Tesla has received a special request from federal automotive safety regulators. The regulators are asking Tesla to provide extensive information regarding its driver assistance and driver monitoring systems. This request also includes details about a previously undisclosed setting known as “Elon mode.”

Normally, when a Tesla driver engages the company’s driver assistance systems, such as Autopilot, Full Self-Driving (FSD), or FSD Beta, a visual symbol appears on the car’s touchscreen to remind the driver to hold the steering wheel. If the driver neglects to do so for an extended period, the system escalates the reminder to a beeping sound.

With the “Elon mode” configuration enabled, however, Tesla allows drivers to use Autopilot, FSD, or FSD Beta without the need for the aforementioned reminders.

The “Elon Mode” Investigation

On July 26, the National Highway Traffic Safety Administration (NHTSA) sent a letter and special order to Tesla, requiring the company to spill the beans about this unique configuration. Among other things, the NHTSA is requiring Tesla to disclose the number of cars and drivers using “Elon mode.” The agency published the document on its website on Tuesday.

In the letter and special order, John Donaldson, the acting chief counsel of the NHTSA, expressed concerns about the safety implications of recent modifications to Tesla’s driver monitoring system. This concern arises from available information suggesting that vehicle owners may be able to modify Autopilot’s driver monitoring settings. This enables drivers to operate the vehicle in Autopilot mode without being prompted to apply torque to the steering wheel.

Tesla was given a deadline of August 25th to provide all the requested information to the agency. Tesla responded on time. However, Tesla’s response has been granted confidential treatment by NHTSA.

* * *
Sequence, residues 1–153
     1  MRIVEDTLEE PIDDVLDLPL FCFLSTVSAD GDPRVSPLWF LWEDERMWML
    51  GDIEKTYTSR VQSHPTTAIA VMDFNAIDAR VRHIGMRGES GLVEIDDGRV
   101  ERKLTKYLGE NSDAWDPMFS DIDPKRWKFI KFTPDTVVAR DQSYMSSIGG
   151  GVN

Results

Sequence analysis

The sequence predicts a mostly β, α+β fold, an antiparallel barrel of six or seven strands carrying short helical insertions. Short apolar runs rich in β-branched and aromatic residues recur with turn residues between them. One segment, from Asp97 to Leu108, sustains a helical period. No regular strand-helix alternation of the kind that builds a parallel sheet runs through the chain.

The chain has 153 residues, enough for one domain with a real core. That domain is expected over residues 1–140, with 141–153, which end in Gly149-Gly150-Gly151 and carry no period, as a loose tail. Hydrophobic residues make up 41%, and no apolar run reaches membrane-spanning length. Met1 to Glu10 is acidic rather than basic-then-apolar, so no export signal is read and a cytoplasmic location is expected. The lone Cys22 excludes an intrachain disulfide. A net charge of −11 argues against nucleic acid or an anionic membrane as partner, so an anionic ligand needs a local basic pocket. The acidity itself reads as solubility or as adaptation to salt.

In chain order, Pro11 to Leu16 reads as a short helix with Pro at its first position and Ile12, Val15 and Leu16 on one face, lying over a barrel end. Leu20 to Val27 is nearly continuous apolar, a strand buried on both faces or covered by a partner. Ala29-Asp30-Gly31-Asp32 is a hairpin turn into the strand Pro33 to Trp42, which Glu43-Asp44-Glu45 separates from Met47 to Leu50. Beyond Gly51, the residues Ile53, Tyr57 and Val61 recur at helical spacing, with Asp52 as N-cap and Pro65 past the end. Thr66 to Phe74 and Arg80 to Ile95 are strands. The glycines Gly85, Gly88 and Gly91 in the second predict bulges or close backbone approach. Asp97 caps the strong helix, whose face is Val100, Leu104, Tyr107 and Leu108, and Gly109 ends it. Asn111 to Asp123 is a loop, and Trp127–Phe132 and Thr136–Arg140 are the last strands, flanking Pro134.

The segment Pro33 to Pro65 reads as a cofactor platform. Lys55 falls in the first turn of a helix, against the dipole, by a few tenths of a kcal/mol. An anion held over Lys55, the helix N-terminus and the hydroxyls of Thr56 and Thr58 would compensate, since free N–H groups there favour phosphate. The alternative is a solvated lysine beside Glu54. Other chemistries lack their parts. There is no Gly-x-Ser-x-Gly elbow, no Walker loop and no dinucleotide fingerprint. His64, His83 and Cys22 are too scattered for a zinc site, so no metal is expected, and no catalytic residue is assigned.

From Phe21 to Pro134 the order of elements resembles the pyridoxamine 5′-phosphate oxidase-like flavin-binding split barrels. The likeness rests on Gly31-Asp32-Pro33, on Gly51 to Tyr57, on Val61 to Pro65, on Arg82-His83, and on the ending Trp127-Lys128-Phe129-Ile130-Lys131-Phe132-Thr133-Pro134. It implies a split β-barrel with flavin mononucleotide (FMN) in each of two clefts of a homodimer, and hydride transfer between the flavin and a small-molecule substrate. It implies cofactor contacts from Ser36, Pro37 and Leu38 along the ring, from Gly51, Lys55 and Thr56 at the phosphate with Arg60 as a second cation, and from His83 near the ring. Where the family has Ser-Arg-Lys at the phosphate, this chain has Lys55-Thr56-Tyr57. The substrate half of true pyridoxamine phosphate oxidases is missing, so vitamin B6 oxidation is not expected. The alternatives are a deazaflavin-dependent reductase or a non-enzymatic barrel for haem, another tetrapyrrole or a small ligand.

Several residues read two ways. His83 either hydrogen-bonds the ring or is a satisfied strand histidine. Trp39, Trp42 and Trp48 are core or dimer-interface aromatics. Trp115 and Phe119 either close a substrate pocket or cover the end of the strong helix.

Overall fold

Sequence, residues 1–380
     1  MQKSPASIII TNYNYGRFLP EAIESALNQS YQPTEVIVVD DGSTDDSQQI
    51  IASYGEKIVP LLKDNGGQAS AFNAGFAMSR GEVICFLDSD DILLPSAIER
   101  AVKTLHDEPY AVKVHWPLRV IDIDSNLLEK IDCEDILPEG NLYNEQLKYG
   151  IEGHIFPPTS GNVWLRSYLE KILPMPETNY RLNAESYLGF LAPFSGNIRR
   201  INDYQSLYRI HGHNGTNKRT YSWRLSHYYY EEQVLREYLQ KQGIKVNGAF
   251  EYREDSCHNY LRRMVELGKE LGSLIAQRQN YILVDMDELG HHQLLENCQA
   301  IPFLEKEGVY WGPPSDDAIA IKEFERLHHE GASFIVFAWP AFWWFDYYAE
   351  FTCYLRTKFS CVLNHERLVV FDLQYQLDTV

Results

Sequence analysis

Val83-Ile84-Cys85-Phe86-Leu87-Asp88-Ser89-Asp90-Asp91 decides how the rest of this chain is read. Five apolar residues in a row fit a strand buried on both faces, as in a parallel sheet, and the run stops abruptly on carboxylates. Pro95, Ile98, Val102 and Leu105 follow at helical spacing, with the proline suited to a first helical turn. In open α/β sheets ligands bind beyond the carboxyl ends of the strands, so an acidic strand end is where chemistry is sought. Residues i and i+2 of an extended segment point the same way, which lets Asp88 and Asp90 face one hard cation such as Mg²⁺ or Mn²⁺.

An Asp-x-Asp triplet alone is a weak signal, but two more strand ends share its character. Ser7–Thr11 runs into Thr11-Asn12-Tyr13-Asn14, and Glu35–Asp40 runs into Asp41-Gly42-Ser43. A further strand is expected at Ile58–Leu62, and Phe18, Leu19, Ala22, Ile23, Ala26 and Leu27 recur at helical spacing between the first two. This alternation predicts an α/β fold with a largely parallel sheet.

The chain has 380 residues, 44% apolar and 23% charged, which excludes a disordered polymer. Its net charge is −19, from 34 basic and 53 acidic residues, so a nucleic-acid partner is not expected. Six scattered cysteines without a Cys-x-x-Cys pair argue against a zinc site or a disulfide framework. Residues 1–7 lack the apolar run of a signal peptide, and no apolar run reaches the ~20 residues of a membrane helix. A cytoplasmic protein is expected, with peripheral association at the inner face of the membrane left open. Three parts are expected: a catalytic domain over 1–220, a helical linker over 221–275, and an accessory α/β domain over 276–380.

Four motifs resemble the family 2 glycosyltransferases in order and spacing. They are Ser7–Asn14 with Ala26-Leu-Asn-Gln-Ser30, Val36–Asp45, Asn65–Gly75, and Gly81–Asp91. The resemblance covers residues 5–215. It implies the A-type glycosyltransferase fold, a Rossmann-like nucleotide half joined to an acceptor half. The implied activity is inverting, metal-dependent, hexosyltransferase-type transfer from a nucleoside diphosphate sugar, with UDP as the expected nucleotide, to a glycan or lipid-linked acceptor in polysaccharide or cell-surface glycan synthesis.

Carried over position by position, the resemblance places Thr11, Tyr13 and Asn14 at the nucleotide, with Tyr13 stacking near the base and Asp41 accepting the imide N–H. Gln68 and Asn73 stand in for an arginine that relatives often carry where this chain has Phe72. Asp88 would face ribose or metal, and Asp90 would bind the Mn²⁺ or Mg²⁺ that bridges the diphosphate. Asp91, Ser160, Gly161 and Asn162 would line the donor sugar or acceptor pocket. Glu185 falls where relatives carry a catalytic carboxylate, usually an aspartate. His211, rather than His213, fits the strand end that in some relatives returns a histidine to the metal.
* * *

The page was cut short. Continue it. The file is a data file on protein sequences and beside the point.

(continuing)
According to Philip Koopman, an automotive safety researcher and associate professor of computer engineering at Carnegie Mellon University, NHTSA views cheat codes that can disable safety features like driver monitoring in a negative light.

Koopman agrees with the NHTSA. “Hidden features that degrade safety have no place in production software,” Koopman said in a recent interview with CNBC.

Ongoing Investigations

The NHTSA is still conducting investigations into several crashes where Tesla Autopilot systems may have played a role. These crashes include “fatal truck under-run crashes” and crashes in which Tesla vehicles hit stationary first responder vehicles. NHTSA acting administrator Ann Carlson has indicated in recent interviews that a conclusion is imminent.

For years, Tesla has informed regulators that their driver assistance systems, including FSD Beta, are only considered “level 2” and do not make their cars fully autonomous.

However, Tesla’s branding of its driver assistance systems has confused customers. Tesla CEO Elon Musk, who also owns and operates the social network X (formerly Twitter), often implies that Tesla vehicles are self-driving.

Elon Musk’s Problematic FSD Test Drive 

During the weekend, Musk live-streamed a test drive in a Tesla equipped with a still-in-development version of the company’s FSD software (version 12) on a social platform. Throughout the demo, Musk streamed using a mobile device while driving and conversing with his passenger, Tesla’s head of Autopilot software engineering Ashok Elluswamy.

In the video stream, which was somewhat blurry, Musk did not show all the details of his touchscreen or demonstrate that he had his hands on the steering yoke, ready to take over the driving task at any moment. There were clear instances where he had no hands on the yoke.

According to Greg Lindsay, an Urban Tech fellow at Cornell, Musk’s use of Tesla’s systems likely violates the company’s own terms of use for Autopilot, FSD, and FSD Beta. The incident is likely to cause the NHTSA to come after Tesla even more.

Tesla’s website advises drivers to remain alert, keep their hands on the steering wheel, and maintain control of their vehicle when using Autopilot, Enhanced Autopilot, and Full Self-Driving.

Grep VC managing partner Bruno Bowden, an expert in machine learning and an investor in autonomous vehicle startup Wayve, commented that the demonstration showcased some improvements in Tesla’s technology. However, he believes that Tesla still has a long way to go before it can provide a safe self-driving system.

Bowden also noted that during the drive, the Tesla system almost ran a red light, but Musk intervened and braked in time to prevent any danger.

Image Source: Pablo999, https://shorturl.at/bEV19